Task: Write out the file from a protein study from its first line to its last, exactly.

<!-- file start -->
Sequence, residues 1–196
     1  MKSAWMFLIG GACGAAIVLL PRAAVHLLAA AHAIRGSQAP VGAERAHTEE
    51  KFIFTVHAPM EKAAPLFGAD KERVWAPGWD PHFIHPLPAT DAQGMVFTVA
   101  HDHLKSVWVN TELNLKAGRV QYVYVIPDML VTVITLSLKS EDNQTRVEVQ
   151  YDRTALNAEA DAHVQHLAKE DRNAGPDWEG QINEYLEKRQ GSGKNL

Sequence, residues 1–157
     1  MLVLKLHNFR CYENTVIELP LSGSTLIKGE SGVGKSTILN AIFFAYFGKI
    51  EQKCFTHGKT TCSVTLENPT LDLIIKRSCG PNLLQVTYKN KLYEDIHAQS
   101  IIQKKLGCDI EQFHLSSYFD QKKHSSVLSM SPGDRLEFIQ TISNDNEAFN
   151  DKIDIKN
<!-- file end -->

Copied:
Sequence, residues 1–196
     1  MKSAWMFLIG GACGAAIVLL PRAAVHLLAA AHAIRGSQAP VGAERAHTEE
    51  KFIFTVHAPM EKAAPLFGAD KERVWAPGWD PHFIHPLPAT DAQGMVFTVA
   101  HDHLKSVWVN TELNLKAGRV QYVYVIPDML VTVITLSLKS EDNQTRVEVQ
   151  YDRTALNAEA DAHVQHLAKE DRNAGPDWEG QINEYLEKRQ GSGKNL

Sequence, residues 1–157
     1  MLVLKLHNFR CYENTVIELP LSGSTLIKGE SGVGKSTILN AIFFAYFGKI
    51  EQKCFTHGKT TCSVTLENPT LDLIIKRSCG PNLLQVTYKN KLYEDIHAQS
   101  IIQKKLGCDI EQFHLSSYFD QKKHSSVLSM SPGDRLEFIQ TISNDNEAFN
   151  DKIDIKN